Stop the ride, I need to get off!

I’ve slipped into a cycle of waking up, telling myself today will be a good day, having a shit day and then berating myself for not having the good day I wanted. You may recognise this as something you do every now and again, or every day. This kind of mindset is damaging because it causes us to attack ourselves for not being perfect, when the truth is that no one is.

We live in a world that is photoshopped, edited and manipulated to make us feel that we’re not doing our best or trying hard enough. Behind the filters, celebrities are just people that have been shaped like Play-Doh by publicists and the media to appear to be super-humans. These demi-god like creatures have no apparent flaws and we are left in awe of them, wishing we could be just like them. But their public images are not real, instead they exist in a reality based on a suspension of disbelief.

When our lives don’t measure up to this false reality, we start to attack ourselves, believing our bodies aren’t good enough, our careers are moving fast enough or that we are missing something in our lives to make us truly happy.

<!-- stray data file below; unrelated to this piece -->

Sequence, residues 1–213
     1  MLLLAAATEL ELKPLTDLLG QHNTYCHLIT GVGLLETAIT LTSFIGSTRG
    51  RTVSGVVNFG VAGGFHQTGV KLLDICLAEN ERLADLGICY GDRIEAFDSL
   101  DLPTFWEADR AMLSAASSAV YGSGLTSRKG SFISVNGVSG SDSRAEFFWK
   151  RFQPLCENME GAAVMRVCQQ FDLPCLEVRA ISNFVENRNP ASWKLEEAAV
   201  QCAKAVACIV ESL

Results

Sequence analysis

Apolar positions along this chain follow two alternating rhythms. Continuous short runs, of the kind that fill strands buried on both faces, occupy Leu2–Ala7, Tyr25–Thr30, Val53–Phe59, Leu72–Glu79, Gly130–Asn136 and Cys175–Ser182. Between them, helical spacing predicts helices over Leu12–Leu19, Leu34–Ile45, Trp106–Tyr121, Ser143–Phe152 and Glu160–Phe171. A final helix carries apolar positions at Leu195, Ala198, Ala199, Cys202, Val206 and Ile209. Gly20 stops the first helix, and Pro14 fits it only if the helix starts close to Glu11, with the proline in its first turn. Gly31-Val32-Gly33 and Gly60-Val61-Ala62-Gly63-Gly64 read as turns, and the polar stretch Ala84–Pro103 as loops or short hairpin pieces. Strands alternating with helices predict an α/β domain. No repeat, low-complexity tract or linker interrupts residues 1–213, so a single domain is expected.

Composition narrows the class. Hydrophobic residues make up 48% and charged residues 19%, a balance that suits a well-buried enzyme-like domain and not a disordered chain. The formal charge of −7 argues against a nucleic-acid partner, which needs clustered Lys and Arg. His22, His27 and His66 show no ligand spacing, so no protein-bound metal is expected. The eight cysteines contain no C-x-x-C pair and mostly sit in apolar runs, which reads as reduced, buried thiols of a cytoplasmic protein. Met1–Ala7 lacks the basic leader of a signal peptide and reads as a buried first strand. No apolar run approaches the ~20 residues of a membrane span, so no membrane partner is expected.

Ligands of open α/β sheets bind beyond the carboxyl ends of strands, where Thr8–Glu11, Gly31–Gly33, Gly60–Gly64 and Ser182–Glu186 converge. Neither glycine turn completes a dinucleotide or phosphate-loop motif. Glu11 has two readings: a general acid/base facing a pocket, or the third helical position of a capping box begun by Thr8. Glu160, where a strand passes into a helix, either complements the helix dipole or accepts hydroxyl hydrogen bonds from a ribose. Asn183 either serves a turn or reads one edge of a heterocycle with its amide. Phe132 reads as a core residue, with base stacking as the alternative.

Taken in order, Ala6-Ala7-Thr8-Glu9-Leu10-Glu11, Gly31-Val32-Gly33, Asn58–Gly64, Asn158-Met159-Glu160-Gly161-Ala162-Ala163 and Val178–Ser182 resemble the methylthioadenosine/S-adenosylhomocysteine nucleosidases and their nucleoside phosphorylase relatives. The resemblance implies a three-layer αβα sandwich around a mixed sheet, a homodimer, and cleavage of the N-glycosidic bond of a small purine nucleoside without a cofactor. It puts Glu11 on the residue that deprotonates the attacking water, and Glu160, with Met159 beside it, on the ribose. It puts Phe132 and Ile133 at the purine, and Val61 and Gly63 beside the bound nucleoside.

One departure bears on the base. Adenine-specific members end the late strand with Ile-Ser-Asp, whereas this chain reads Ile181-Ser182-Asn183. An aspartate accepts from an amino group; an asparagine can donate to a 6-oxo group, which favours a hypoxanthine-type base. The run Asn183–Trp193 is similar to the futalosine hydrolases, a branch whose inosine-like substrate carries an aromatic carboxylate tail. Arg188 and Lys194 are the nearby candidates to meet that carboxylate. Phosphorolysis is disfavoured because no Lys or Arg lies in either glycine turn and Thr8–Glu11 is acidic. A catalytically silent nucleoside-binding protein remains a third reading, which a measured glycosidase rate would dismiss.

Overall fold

You are never going to achieve perfection, because it doesn’t exist. Happiness can happen even if every part of your life doesn’t match up to what you see on Instagram or in the Daily Fail. You can be happy if you have stretch marks, if you have a disability, if you don’t have a job that pays a six-figure salary, if you’re single, and if you have kids or if you don’t.

The trick is self care. This means taking care of our minds and bodies, and carving out time in our busy lives to look after ourselves. Today, I woke up and realised that I couldn’t face going to work because I am having a bad mental health day. I realised that I needed to take some time out for myself and focus on boosting my mood. So far, this has involved eating a good breakfast and sitting on the sofa in my pjs watching Law and Order.

I’m not chastising myself for needing this time, which is what I would have done a few years ago. I used to be incredibly cruel to myself, critiquing everything I did and telling my reflection that I wasn’t good enough, pretty enough or smart enough. Those days are gone, but bad habits creep back in when I’m feeling low. These habits push me back into negative cycles:  wake up, tell myself today will be a good day, having a shit day and then berating myself for not having the good day I wanted.

The difference between now and a few years ago is that I recognise these cycles of negativity as damaging to my health and I take the time out I need to reset and get back to feeling like the happy, confident woman I am. There’s no shame in feeling like shit and you should never feel guilty about investing time in your own mental or physical wellbeing.


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